Lesson 1, Topic 3
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Fat: An Essential Nutrient For Performance Copy

Michael Bewley September 20, 2020
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FAT: ENERGY & PERFORMANCE

On the surface, getting the nutrition you need seems easy enough. After all, everyone eats something every day. Sports nutrition is a much more involved process. While the non-athlete may survive day-to-day by following general nutritional guidelines, an athlete’s needs are much more sophisticated.

Fat Role & Sources

Fat, which gets stored as adipose tissue, provides cushion and insulation to internal organs, covers the nerves, moves vitamins (A, D, E, and K) throughout the body and is the largest reserve of stored energy available for activity. Fat is stored when we consume more calories then we use. There is an optimal level of body fat for health and athletic performance. When that optimal level is exceeded, too much dietary fat can lead to problems with health, as well as athletic performance.

Of all the energy-yielding nutrients, fat provides the highest concentration of energy of all the nutrients. One gram of fat equals nine calories. This calorie density, along with our seemingly unlimited storage capacity for fat, makes fat our largest reserve of energy. While these calories are less accessible to athletes performing quick, intense efforts like sprinting or weight lifting, fat is essential for longer, slower lower intensity and endurance sport & exercise.

Saturated Fats

Saturated fats are found primarily in animal sources like meat, egg yolks, yogurt, cheese, butter, milk. This type of fat is often solid at room temperature. Too much saturated fat gets linked to health problems such as high cholesterol and heart disease. Because of this, saturated fat should get limited to no more than 10% of total daily calorie intake. To limit saturated fat intake, consume lean on meat and milk. Beef, pork, lamb, and dairy products are high in saturated fat. Choose low-fat milk, unsweetened almond milk, and savor full-fat cheeses in small amounts.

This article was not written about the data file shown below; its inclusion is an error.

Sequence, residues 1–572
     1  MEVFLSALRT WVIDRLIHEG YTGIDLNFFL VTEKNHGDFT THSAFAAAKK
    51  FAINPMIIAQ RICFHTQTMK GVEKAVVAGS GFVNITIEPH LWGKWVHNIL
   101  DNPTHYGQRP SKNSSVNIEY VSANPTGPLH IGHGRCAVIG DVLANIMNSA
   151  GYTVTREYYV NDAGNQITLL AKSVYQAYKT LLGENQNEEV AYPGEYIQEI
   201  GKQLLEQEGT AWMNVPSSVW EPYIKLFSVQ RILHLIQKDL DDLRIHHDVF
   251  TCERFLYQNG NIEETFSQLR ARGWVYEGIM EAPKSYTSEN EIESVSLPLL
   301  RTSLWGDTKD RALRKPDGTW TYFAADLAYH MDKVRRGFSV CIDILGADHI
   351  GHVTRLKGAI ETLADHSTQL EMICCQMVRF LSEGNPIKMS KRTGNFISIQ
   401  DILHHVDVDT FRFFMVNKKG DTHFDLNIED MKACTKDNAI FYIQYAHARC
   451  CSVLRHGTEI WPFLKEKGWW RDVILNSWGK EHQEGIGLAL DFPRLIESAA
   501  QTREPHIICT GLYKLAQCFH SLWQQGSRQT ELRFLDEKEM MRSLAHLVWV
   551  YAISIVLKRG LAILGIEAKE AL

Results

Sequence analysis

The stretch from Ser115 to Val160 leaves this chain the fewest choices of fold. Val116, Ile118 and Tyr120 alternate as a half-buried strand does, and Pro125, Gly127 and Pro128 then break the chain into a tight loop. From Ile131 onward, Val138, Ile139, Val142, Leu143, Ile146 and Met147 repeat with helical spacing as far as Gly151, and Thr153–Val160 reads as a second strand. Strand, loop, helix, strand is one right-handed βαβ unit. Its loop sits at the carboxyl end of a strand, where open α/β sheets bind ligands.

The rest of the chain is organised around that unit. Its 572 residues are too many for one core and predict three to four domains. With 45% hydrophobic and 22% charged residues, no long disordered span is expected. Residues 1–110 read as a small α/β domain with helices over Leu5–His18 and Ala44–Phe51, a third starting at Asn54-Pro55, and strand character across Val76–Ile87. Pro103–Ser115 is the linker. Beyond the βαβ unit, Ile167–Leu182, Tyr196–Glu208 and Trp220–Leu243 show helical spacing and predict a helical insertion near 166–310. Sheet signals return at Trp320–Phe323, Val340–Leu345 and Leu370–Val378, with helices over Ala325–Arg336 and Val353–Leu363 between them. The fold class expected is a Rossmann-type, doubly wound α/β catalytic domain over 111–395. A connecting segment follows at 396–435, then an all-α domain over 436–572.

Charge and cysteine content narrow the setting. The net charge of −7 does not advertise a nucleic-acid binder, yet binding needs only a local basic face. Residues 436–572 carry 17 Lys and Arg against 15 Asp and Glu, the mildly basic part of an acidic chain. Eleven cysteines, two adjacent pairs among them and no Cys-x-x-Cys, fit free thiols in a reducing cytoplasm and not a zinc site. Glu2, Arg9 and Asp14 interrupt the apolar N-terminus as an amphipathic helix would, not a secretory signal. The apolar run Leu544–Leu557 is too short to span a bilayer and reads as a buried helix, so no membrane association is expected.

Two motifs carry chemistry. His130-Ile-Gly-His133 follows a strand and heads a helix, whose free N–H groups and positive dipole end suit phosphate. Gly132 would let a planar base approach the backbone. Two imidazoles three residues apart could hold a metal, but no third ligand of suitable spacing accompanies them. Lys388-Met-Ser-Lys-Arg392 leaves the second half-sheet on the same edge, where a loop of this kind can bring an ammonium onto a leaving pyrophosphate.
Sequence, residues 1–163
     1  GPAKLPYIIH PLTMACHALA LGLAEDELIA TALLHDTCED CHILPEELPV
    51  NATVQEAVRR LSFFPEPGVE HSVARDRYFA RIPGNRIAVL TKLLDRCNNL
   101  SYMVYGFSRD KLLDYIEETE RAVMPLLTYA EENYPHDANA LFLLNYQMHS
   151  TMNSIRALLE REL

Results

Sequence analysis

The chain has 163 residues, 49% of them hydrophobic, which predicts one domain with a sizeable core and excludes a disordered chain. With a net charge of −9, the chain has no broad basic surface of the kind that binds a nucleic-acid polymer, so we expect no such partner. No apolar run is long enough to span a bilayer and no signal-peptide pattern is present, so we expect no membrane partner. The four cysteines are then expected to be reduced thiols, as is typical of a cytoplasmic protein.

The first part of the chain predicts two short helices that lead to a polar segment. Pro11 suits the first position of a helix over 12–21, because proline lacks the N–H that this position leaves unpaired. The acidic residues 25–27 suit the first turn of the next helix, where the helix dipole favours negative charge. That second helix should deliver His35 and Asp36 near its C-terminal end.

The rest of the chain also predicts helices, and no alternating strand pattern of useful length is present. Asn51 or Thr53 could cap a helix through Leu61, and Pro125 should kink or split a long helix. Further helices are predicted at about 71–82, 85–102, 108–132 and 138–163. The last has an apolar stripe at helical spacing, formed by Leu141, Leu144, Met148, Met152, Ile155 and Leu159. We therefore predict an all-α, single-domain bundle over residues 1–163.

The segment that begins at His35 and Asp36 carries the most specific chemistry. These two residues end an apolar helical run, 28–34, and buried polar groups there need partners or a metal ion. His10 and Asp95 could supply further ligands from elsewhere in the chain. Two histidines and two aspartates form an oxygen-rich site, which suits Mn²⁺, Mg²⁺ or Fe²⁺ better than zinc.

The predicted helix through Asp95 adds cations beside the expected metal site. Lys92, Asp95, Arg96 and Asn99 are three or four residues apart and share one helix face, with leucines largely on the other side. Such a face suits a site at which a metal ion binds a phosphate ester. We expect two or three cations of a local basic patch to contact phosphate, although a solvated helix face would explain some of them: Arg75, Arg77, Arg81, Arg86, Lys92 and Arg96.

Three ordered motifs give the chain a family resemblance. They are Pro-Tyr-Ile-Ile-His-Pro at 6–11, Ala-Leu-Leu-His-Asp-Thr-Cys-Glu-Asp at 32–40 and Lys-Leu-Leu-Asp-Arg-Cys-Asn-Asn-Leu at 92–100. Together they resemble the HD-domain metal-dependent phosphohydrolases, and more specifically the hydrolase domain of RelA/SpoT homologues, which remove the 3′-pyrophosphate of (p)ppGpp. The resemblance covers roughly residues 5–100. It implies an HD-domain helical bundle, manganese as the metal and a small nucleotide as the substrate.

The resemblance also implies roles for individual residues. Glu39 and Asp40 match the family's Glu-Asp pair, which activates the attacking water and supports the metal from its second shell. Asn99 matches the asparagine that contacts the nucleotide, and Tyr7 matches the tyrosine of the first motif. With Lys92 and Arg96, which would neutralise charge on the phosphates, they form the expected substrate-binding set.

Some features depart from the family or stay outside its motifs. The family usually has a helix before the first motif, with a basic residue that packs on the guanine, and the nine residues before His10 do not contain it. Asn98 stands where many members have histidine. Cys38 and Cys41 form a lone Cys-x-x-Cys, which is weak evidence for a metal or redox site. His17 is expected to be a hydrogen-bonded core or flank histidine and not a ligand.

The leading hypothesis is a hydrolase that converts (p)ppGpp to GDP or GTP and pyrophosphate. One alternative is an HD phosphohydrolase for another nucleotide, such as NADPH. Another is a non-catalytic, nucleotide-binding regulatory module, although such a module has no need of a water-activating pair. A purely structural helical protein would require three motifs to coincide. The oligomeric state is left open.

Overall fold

Fat Quick Sources Guide

The total amount of fat you eat, whether high or low, isn’t linked with disease. What matters is the type of fat you eat. The “bad” fats increase the risk for certain diseases, while the “good” fats lower disease risk. Download the Critical Reload Food Sources Guide to review and post on your fridge for quick reference.

Unsaturated Fats

Healthy unsaturated fats include monounsaturated and polyunsaturated fats. These fats are typically found in plant food sources and are usually liquid at room temperature. Unsaturated fats have health benefits such as lowering cholesterol and reducing the risk of heart disease. Additionally, unsaturated fats are rich in omega-3s that help control inflammation in the joints, the bloodstream, and the tissues. Because of those mentioned above, an athlete should consume 10-20% total daily calorie intake from unsaturated fats. Natural food sources include olive and canola oil, avocados, fish, almonds, soybeans, and ground flaxseed. Use liquid plant oils for cooking and baking. Olive, canola, and other plant-based oils are rich in heart-healthy, unsaturated fats.

Fats To Avoid

Trans fat has recently gotten added to the nutrition labels of most products. Small amounts of naturally-occurring trans fats are available in meat and dairy products, but it’s the artificial trans fats (made by food manufacturers) that are considered dangerous. Trans fats raise your LDL (“bad”) cholesterol and lower your HDL (“good”) cholesterol and increase your risk of heart disease, stroke, and diabetes. No amount of trans fats is healthy.

Bibliography

  1. Blake, J. (2014). Nutrition & You, 3rd Edition. Retreive from Amazon.com.
  2. Clark, N (2013), Nancy Clark’s Sports Nutrition Guidebook. Retrieve from Amazon.com.
  3. Gastelu, et al, (2015) Specialist In Performance Nutrition: Weight Control, Fitness, and Performance Nutrition. International Sports Science Association. Retrieve from ISSA Website.
  4. US Anti-Doping Agency: Nutrition Guide. Retrieve PDF file from USADA website.